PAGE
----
Rifleman Bhanbhagta Gurung VC

Rifleman Bhanbhagta Gurung VC


2nd King Edward VII’s Own Gurkha Rifles




5th March 1945

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His Story

Rifleman Bhanbhagta Gurung was born in September 1921 in Phalpu in the Gorkha District of Nepal and joined 3rd Battalion, 2nd King Edward VII’s Own Gurkha Rifles (3/2GR) in 1940. He saw service in the First Chindit operation in 1943 and by 1945 his battalion had advanced against the disintegrating Japanese forces down the Arakan Coast in a number of assault landings. By February 1945, the Battalion had advanced to the village of Tamandu. The road ahead was dominated by a hill feature known as ‘Snowdon’ and 3/2GR were detailed to capture Snowdon to allow units of the 82nd West African Division safely to evacuate some of their casualties.  

Though the hill was initially occupied without opposition, the Japanese forces decided to retake a neighbouring hill known as Snowdon East on the night of March 4th. B Company of 3/2GR were detailed to retake Snowdon East and during their attack, whilst subject to withering enemy fire, Bhanbhagta participated in actions for which he would be awarded the Victoria Cross, setting an example to his fellow soldiers and allowing them finally to clear the Japanese from Snowdon, despite the company taking over 50% casualties. Bhanbhagta’s citation reads as follows: 

“In Burma, on 5th March, 1945, a Company of the 2nd Gurkha Rifles attacked an enemy position known as Snowden East. On approaching the objective one of the sections was forced to ground by very heavy Light Machine Gun, grenade and mortar fire, and owing to the severity of this fire was unable to move in any direction. While thus pinned, the section came under accurate fire from a tree sniper some 75 yards to the South. As this sniper was inflicting casualties on the section, Rifleman Bhanbhagta Gurung, being unable to fire from the lying position, stood up fully exposed to the heavy fire and calmly killed the enemy sniper with his rifle, thus saving his section from suffering further casualties. The section then advanced again, but when within 20 yards of the objective was again attacked by very heavy fire. Rifleman Bhanbhagta Gurung, without waiting for any orders, dashed forward alone and attacked the first enemy fox-hole. Throwing two grenades, he killed the two occupants and without any hesitation rushed on to the next enemy fox-hole and killed the Japanese in it with his bayonet. Two further enemy fox-holes were still bringing fire to bear on the section and again Rifleman Bhanbhagta Gurung dashed forward alone and cleared these with bayonet and grenade. During his single-handed attacks on these four enemy foxholes, Rifleman Bhanbhagta Gurung was subjected to almost continuous and pointblank Light Machine Gun fire from a bunker on the North tip of the objective. Realising that this Light Machine Gun would hold up not only his own platoon which was now behind him, but also another platoon which was advancing from the West, Rifleman Bhanbhagta Gurung for the fifth time went forward alone in the face of heavy enemy fire to knock out this position. He doubled forward and leapt on to the roof of the bunker from where, his hand grenades being finished, he flung two No 77 smoke grenades into the bunker slit. Two Japanese rushed out of the bunker partially blinded by the smoke. Rifleman Bhanbhagta Gurung promptly killed them both with his Khukri. A remaining Japanese inside the bunker was still firing the Light Machine Gun and holding up the advance of No 4 Platoon, so Rifleman Bhanbhagta Gurung crawled inside the bunker, killed this Japanese gunner, and captured the Light Machine Gun.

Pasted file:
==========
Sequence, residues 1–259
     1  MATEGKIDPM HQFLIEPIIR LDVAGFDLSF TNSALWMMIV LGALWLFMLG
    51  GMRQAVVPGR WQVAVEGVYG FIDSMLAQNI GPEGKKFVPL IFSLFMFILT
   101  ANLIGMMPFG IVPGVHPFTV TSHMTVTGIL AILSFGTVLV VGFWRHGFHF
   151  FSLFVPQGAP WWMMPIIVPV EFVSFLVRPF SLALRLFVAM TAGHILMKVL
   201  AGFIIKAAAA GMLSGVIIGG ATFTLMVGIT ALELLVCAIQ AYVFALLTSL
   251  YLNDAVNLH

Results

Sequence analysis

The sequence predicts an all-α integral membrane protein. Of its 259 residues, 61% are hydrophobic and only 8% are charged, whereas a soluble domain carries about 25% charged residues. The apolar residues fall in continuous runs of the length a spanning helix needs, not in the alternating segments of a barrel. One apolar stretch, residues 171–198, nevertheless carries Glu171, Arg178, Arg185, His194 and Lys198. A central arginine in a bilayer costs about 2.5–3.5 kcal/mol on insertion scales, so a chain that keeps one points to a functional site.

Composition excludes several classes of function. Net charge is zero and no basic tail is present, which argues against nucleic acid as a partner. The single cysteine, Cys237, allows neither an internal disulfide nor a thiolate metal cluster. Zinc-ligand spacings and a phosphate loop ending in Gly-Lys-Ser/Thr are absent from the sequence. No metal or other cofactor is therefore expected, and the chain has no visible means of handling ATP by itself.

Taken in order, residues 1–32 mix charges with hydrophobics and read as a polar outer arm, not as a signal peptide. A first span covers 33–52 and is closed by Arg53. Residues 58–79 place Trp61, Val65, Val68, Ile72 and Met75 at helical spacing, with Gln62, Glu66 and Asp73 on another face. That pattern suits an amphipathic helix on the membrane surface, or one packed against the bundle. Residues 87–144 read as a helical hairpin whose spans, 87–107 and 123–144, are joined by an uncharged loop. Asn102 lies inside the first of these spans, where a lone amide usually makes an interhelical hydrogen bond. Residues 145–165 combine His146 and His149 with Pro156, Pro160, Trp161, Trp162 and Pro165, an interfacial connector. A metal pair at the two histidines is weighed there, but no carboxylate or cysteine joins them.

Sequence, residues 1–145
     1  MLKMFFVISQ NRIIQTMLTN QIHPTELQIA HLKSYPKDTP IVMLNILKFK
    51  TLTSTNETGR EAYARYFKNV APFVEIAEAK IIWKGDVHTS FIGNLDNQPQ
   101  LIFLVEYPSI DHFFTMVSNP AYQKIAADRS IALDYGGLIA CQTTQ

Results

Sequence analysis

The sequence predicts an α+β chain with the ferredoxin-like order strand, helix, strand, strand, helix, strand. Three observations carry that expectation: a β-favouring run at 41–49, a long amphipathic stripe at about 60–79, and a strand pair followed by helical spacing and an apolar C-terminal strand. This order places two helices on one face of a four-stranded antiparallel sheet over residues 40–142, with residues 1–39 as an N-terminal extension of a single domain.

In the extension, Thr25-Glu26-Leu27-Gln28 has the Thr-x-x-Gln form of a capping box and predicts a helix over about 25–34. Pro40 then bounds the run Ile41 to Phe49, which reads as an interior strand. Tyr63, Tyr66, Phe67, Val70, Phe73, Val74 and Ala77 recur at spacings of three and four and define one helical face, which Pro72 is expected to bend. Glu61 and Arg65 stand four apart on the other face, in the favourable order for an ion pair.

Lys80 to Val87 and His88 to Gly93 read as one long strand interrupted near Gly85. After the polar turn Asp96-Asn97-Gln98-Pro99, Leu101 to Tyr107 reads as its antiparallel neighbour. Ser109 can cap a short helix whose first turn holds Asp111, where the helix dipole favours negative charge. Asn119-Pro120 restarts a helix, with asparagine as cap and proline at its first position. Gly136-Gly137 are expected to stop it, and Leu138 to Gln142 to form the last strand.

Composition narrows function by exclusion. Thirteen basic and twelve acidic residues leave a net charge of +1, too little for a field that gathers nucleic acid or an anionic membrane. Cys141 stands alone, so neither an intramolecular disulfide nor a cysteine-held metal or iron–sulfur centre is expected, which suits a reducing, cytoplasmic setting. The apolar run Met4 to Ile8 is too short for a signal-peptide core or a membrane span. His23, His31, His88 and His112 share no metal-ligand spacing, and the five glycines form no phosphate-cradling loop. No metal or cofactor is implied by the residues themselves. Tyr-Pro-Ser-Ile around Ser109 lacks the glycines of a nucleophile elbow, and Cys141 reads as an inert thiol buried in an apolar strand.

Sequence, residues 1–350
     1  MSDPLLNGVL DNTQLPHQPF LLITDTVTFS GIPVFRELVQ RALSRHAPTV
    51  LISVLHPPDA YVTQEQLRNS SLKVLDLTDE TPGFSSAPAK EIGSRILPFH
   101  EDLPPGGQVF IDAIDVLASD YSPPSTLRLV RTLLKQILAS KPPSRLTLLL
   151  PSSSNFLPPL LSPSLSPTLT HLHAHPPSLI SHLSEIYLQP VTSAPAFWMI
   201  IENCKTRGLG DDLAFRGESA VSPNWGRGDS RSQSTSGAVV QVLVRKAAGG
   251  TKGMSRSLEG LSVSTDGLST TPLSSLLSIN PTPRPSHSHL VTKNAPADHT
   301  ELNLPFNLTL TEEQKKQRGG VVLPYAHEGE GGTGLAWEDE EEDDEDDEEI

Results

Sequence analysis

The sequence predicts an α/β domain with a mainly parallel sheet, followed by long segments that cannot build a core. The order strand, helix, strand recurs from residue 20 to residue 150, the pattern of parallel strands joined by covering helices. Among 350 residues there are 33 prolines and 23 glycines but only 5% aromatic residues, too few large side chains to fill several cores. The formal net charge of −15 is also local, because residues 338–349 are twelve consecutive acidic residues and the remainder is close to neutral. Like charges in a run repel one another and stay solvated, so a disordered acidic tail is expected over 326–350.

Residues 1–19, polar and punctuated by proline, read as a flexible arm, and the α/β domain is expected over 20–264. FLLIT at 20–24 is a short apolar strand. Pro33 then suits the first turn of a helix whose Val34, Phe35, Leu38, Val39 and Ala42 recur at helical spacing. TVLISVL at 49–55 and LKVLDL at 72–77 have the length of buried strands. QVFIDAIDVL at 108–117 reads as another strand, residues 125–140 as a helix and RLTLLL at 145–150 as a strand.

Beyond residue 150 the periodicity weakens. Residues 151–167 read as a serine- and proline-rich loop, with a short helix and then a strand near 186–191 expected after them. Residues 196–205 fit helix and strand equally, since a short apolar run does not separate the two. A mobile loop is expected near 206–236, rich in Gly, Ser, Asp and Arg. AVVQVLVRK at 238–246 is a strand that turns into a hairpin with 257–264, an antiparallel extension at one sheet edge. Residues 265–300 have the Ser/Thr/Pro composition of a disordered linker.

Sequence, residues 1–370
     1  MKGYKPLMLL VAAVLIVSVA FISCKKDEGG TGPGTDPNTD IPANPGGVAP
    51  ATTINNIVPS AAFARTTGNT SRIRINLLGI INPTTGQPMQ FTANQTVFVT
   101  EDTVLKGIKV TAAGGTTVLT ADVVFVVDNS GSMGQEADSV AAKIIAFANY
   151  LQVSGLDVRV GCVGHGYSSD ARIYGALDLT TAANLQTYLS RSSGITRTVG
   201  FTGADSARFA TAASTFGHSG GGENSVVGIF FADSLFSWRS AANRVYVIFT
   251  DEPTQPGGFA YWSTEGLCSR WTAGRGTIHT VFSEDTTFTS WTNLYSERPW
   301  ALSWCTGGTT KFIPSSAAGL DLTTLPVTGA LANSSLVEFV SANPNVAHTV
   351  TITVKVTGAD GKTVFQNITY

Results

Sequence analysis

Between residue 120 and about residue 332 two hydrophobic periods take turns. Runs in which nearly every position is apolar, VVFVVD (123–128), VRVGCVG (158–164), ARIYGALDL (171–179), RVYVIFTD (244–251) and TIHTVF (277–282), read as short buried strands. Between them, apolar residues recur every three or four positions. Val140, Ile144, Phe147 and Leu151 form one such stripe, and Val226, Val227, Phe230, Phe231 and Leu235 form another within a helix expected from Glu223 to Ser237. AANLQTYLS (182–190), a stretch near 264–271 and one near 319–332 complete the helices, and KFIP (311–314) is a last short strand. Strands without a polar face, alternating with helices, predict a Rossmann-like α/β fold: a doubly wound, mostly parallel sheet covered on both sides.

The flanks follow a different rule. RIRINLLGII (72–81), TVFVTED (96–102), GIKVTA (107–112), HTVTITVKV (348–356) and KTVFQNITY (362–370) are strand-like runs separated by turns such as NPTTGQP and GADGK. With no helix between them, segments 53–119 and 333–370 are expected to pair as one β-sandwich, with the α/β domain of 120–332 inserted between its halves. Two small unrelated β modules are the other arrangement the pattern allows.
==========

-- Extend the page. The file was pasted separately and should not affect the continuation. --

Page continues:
Most of the objective had now been cleared by the men behind and the enemy driven off were collecting for a counter-attack beneath the North end of the objective. Rifleman Bhanbhagta Gurung ordered the nearest Bren gunner and two Riflemen to take up positions in the captured bunker. The enemy counter-attack followed soon after, but under Rifleman Bhanbhagta Gurung’s command the small party inside the bunker repelled it with heavy loss to the enemy. Rifleman Bhanbhagta Gurung showed outstanding bravery and a complete disregard for his own safety. His courageous clearing of five enemy positions singlehanded was in itself decisive in capturing the objective and his inspiring example to the rest of the Company contributed to the speedy consolidation of this success.” 

Bhanbhagta Gurung was later awarded the Victoria Cross at Buckingham Palace by King George VI, and 2GR gained the Battle Honour “Tamandu” as a result of the Battalion’s actions. March 5th, Tamandu Day, was celebrated as a Regimental Day by 2GR until their amalgamation in 1994.  

In August 2020, to mark VJ Day 75, Rifleman Bhanbhagta’s Grandson Captain Buddhi visited the Museum and saw his Grandfather’s Victoria Cross for the first time. You can read the full story here. 

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